As if the battle-scarred UPA-II was in need of further challenges, the latest GDP figures for the second quarter of FY13 came in at a slightly lower-than-expected 5.3 percent, against the 5.5 percent print of the first quarter.
Despite the disappointing figure, the broad level of growth—given a few fractions here and there—does not really come as a big surprise: Finance Minister Palaniappan Chidambaram had, during his Mumbai visit last week, hinted that times were difficult and growth could be in the region of about 5.5 percent. Importantly, he also hoped the RBI would lower interest rates going forward, since inflation was coming down a tad.
The latest GDP figure clearly tells a story. The manufacturing sector grew only 0.8 percent vis-a-vis 2.9 percent year-on-year, while farm output rose 1.2 percent during the quarter, down from 3.1 percent the previous year. Similarly, the services sector and industry both fell to 7.2 percent (8.8 percent) and 2.8 percent (3.7 percent) in comparison. However, the one bright spot was the gross fixed capital formation, which rose 4 percent.
The GDP figures will put enormous pressure not just on the embattled finance minister, but also the Reserve Bank of India (RBI) governor Duvvuri Subbarao who has been steadfastly refusing to ease interest rates, given the stickiness in prices and inflation ruling well above 7 percent.
The last inflation print came in at 7.45 percent, well beyond the central bank’s comfort zone of 5 percent. Sections of industry have for long been pressuring the RBI to lower rates given flagging growth, but Subbarao has instead chosen to operate through the cash reserve ratio (CRR), putting more money in the hands of banks for lending to productive sectors. Given this context, the 5.3 percent figure for the second quarter will set RBI thinking.
However, very few expect the RBI to cut rates right away, despite the latest figure. C Rangarajan, chairman of the Prime Minister’s Economic Advisory Committee told CNBC-TV18 after the second quarter figures that a rate cut would have to depend on the next inflation figure, that for November 2012. However, Rangarajan is clearly bullish on sentiment witnessing a reversal from the second quarter.
The key challenge before policymakers now is whether the full-year GDP figure can come close to the crucial 6 percent mark, or will it settle in the region of 5.5 percent, as indicated by Chidambaram? Rangarajan, for one, seems to feel it will be anywhere between 5.5 percent and 6 percent, given his hopes on a turnaround in the second half.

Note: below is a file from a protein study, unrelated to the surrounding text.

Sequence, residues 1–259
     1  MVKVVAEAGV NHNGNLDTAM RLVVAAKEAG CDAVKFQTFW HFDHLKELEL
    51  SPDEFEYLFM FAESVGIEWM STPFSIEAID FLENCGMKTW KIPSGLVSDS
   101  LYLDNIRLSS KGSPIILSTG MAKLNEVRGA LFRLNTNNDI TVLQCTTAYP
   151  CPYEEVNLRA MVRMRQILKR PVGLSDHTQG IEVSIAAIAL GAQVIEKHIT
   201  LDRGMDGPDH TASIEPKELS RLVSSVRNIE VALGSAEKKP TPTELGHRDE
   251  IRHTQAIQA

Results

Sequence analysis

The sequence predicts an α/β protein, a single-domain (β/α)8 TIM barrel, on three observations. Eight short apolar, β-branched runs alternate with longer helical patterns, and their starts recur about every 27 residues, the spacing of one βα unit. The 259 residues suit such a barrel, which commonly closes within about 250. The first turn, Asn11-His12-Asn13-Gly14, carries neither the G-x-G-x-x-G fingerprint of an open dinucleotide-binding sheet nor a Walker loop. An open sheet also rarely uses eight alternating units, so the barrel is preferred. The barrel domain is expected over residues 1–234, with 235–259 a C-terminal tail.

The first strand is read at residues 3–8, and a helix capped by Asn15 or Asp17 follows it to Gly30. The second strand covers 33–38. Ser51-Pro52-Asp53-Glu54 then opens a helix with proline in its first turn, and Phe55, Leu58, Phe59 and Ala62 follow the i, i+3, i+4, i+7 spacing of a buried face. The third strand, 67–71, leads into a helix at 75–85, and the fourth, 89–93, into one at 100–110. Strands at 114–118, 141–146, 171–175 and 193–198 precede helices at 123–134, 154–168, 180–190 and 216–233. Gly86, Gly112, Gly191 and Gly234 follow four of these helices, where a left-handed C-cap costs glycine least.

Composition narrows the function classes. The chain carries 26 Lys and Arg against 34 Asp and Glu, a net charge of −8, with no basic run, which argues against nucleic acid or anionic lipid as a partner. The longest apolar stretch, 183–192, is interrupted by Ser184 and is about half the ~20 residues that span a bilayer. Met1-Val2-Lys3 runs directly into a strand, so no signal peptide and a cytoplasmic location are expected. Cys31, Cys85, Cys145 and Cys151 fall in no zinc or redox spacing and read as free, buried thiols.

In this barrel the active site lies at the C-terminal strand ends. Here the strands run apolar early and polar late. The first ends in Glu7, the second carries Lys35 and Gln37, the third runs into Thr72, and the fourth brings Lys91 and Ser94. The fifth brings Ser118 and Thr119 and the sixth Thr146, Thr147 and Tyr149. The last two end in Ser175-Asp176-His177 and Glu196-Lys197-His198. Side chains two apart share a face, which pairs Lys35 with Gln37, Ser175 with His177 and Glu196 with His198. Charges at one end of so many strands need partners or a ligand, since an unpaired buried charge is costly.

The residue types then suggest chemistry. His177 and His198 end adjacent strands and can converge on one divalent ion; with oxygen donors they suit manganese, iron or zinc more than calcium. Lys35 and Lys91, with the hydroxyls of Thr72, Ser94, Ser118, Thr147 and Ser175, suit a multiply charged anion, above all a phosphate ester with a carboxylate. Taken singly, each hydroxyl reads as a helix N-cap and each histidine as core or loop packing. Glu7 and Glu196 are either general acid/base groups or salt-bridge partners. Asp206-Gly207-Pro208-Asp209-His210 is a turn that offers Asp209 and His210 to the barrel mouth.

The reform measures which have been announced have also upped the hopes of a section of analysts, though no one is really betting on an immediate upswing in the near term. A bullish report by Goldman Sachs, which sent the stockmarkets into celebration mode on 29 November, suggested growth would gradually pick up in 2013 and 2014 to 6.5 percent and 7.2 percent, respectively. However, the near-term still looks fuzzy.
In an earlier report on 1 November, Goldman Sachs had said: “India’s economy has had a tough 2012 with elevated inflation, slowing growth, and wider twin deficits on the fiscal and current accounts. In the near term, a quick turnaround is unlikely, and we think economic growth is likely to remain below trend.”
The report had added: “Inflation is likely to rise further in the near term. We are revising our WPI forecast up to 7.9 percent from 7.2 percent for FY13 (April 2012 to March 2013), on the back of an increase in administered prices (diesel, electricity, coal) and their second-round effects.”
Goldman feels there is room for more optimism looking into 2013 due to easier financial conditions and positive confidence effects from the start of economic reforms.
“While reforms have started well, and arguably reduced tail risks for the economy, they need to be sustained in order to lead to a more meaningful improvement in the business cycle,” it says.
Not too bullish on interest rates, the investment bank feels that with near-term inflation remaining above the RBI’s comfort zone, the timing of the next rate cut would be pushed back from December to March, though it still expects a cumulative 50 bps in cuts by the first quarter, FY2013.
With UPA-II engaged in an eyeball-to-eyeball confrontation with the Opposition on FDI in retail in Parliament, a lot will depend on the government’s ability to stay the course and weather the storm on the reform front.
“We will be watching the next session of Parliament closely as a number of important reform bills are likely to be introduced,” Goldman had said in its 1 November report, before Parliament’s winter session commenced on 22 November.
While the 5.3 percent GDP number may compare favourably with many other economies, for the UPA, the immediate challenge is to try and inch as closer to the 6 percent mark as possible.
A little help from Mint Road and Subbarao would do wonders, but much of the task will have to be done by Chidambaram himself. The pace of reform holds the key.
Even after the GDP figures came in on 30 November, the 30-share BSE Sensex held strong, at well above the 19,200 mark as the market continued to remain bullish on the reform agenda. However, the veteran of many a battle, Chidambaram knows only too well that bourses can be fickle. And change their mind quickly if they are disappointed. The real test is one of execution.